Fall has fallen: Autumnal equinox marks season’s first day

September 1 is the start of meteorological autumn, but the start of astronomical autumn.

I know quite a few of you will be upset summer is over, but who doesn’t like autumn, especially when we get those crisp settled spells.

September 1 is the start of meteorological autumn, but the start of astronomical autumn, which is the one most people observe, starts on the 22nd or 23rd depending on the year.

This is also the day where most parts of the world have roughly the same amount of daylight – known as the autumnal equinox.

Over the next few weeks you’re going to be haunted by the words “the nights are fair drawing in”, and that’s probably just from me – but they really are! 

During September and October in Scotland we lose between four-and-a-half and five minutes of daylight a day, which dramatically changes the look of our evenings.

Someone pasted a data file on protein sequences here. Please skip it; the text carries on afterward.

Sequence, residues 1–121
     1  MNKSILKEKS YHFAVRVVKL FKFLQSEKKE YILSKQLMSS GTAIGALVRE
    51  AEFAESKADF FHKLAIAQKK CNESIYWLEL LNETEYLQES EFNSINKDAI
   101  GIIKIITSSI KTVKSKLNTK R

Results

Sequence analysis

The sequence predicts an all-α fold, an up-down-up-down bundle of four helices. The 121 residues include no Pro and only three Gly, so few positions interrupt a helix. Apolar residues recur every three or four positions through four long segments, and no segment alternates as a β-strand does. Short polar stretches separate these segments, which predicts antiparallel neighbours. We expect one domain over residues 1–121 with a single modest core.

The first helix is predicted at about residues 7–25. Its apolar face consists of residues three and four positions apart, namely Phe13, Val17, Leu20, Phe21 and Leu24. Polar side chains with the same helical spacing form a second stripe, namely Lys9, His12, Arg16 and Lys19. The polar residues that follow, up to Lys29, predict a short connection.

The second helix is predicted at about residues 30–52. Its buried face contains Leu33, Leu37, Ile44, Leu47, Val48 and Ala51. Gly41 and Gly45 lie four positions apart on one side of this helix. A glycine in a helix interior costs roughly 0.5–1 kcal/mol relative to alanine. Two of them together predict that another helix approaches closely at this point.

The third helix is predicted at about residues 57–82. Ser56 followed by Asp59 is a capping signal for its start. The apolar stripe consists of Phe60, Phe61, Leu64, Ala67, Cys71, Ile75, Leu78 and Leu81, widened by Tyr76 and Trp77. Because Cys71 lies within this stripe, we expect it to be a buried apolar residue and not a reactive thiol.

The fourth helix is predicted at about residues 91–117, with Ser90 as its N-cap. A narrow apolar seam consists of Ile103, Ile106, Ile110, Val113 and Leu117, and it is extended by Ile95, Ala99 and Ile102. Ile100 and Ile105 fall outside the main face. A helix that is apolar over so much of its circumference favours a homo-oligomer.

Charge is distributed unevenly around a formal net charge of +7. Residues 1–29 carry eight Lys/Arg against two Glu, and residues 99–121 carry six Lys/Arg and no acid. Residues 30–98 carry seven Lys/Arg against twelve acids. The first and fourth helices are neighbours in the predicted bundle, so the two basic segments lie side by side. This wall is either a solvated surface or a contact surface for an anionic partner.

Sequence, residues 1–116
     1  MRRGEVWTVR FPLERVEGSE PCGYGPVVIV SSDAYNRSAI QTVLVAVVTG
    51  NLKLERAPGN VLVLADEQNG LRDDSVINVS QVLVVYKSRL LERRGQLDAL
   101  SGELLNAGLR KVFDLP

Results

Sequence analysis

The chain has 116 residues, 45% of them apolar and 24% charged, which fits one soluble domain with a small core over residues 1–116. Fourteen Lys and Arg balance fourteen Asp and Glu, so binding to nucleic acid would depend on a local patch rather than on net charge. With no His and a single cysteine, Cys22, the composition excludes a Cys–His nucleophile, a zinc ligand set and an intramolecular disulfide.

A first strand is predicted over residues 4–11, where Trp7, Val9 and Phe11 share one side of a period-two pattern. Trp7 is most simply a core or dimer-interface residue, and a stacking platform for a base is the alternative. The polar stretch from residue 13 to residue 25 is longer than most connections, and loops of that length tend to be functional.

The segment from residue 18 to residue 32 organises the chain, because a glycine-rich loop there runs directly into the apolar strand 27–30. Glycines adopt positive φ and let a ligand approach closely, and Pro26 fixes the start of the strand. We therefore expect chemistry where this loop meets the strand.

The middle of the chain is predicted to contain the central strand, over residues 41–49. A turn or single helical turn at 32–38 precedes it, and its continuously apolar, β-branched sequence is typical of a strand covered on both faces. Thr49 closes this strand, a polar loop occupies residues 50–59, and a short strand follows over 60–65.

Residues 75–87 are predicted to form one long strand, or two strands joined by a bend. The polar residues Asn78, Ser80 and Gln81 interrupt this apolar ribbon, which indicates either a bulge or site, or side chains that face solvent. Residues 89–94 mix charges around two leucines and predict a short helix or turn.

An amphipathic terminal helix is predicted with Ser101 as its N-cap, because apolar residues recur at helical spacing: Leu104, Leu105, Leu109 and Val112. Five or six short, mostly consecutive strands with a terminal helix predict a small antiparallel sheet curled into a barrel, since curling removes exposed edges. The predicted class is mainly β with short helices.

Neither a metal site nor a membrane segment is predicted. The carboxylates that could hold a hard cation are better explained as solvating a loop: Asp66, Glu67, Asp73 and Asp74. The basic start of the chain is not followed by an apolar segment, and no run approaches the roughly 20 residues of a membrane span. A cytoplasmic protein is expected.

At the start of September the sunset time is around 8.10pm for most of the country, but in Edinburgh by the 30th of November the sun sets at 3.45pm.

In Shetland the difference is even starker with a loss of over seven-and-a-half hours of daylight over three months, with sunset here just after 3pm by the end of November.

We see an increase in rain, storms, frost, fog and snow during autumn with the season bringing 800mm of rain to the mountains of the west Highlands, Argyll and Skye with the driest areas around Tain and East Lothian, with an average of 200mm of rain.

As leaves fall, so do the temperatures with Scotland seeing a reduction in temperature by around 5C on average over the course of three months.

Autumn snowfall has reduced since the 1970s and 80s. Most towns and cities in Scotland will only see a few days of falling sleet or snow with the Highlands getting five to ten days on average. Shetland sees the most with ten to 15 days of falling snow across Unst and Yell.

Have a great autumn!